Lights, bubbles, noise: DNR backs non-electric Asian carp barrier

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A study commissioned by the Minnesota DNR has led the agency to recommend bubbles, lights, and sound as the best barrier to Asian carp on the Mississippi River.

The DNR hopes to keep the invasive fish from advancing beyond the Ford dam in St. Paul. The study found an electric barrier at the lock and dam could bring a public health risk and would likely be opposed by federal officials.

Consequently, the agency will recommend the Legislature fund the non-electric alternative, which involves underwater speakers and strobe lights. The cost of installing the system is estimated at $12 million to $19 million. The engineering firm that conducted the study concedes the technology is unproven and will not be 100 percent effective.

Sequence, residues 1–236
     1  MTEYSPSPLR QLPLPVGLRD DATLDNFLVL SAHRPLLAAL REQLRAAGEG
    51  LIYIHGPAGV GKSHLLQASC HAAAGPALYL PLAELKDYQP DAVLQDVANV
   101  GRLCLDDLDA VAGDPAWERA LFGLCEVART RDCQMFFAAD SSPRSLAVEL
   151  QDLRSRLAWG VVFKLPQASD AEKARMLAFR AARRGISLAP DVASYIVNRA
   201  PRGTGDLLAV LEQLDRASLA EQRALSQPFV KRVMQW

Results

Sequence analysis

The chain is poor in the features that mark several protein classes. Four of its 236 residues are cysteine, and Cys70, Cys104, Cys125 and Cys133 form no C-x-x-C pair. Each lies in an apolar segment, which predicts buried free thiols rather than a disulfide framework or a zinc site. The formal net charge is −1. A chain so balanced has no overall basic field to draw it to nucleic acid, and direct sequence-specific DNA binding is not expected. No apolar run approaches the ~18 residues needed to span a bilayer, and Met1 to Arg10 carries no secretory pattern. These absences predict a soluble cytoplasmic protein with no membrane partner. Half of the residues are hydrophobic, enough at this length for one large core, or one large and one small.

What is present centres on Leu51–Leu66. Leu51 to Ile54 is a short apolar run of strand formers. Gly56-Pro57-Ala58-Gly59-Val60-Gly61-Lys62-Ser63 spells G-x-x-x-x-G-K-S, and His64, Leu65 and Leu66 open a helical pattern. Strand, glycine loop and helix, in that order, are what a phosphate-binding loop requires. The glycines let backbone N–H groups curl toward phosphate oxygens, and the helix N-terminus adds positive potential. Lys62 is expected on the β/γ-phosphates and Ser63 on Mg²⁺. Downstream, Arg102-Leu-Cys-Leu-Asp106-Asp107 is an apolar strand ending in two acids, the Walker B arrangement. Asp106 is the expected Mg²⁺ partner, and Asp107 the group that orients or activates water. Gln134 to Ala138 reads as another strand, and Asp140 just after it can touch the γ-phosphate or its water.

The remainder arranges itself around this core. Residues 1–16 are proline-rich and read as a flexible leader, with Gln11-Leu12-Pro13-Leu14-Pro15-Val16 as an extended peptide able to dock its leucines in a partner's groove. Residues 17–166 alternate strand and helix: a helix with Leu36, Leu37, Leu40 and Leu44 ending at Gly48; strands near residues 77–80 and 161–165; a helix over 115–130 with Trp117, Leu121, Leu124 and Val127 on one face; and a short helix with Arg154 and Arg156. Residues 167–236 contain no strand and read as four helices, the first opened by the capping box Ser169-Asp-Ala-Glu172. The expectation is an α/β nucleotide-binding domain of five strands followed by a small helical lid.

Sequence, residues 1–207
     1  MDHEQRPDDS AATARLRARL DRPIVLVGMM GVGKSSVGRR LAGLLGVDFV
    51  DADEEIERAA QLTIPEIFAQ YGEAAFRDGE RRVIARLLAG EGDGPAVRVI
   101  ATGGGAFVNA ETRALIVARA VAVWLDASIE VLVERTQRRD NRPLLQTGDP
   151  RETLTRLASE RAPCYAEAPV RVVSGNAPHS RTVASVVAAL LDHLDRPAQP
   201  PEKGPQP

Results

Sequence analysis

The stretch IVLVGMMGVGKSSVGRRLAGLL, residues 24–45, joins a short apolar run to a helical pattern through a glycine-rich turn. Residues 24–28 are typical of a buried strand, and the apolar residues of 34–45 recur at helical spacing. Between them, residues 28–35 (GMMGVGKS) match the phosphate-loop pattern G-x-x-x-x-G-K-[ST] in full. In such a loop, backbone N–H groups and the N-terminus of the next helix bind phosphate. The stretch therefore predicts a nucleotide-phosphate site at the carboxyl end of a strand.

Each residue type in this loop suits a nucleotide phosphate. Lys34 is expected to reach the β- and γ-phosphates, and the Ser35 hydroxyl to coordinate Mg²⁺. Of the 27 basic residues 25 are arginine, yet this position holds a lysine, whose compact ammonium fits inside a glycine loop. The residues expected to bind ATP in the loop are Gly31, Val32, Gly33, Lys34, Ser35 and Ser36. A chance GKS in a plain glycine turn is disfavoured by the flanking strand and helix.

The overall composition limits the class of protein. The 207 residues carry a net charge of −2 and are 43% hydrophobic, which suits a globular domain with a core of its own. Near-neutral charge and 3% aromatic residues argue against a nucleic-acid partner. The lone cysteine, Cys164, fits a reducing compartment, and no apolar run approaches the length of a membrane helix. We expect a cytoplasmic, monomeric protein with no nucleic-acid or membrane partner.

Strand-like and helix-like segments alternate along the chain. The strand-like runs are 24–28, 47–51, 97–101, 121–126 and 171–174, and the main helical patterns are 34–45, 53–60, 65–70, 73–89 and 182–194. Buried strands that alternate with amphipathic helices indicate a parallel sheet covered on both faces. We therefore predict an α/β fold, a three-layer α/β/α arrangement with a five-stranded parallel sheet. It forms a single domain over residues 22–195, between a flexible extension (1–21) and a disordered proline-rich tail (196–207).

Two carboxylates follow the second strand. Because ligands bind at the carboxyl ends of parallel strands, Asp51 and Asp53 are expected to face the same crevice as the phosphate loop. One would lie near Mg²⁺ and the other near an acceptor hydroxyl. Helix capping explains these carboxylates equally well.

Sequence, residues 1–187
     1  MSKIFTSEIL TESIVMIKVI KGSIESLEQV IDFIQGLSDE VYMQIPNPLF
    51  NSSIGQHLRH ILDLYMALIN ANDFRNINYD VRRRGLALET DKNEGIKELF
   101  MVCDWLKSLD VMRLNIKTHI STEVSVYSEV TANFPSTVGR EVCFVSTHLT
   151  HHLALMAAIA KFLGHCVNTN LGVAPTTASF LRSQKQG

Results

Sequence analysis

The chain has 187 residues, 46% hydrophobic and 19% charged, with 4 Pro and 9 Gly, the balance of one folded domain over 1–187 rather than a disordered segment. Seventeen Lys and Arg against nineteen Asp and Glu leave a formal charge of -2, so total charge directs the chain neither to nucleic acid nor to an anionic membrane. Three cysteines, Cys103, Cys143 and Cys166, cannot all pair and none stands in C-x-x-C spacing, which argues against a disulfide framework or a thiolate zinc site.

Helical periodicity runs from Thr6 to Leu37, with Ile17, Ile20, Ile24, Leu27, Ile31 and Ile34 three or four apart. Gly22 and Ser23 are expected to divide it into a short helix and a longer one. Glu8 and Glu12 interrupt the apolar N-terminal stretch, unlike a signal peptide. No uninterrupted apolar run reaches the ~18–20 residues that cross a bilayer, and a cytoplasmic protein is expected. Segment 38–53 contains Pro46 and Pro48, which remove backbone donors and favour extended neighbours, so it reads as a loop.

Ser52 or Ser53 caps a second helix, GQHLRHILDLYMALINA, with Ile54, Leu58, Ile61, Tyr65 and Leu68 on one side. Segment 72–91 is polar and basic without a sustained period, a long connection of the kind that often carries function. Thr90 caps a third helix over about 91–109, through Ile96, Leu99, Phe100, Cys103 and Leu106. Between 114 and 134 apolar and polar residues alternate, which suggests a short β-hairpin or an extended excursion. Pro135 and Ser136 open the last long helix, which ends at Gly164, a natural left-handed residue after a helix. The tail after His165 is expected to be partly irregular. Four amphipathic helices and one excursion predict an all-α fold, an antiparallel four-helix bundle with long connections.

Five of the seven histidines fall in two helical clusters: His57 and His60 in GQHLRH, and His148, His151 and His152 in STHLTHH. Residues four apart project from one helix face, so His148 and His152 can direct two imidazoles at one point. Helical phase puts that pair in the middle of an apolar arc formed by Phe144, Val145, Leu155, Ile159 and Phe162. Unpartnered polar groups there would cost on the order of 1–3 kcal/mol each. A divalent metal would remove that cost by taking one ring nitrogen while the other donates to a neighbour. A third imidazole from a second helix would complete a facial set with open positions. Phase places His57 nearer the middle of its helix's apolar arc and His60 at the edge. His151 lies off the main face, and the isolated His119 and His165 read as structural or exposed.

There are two varieties of Asian carp, bighead and silver. The carp are voracious eaters whose arrival in the Great Lakes or northern Minnesota would threaten native sport fish and the lucrative angling industry.

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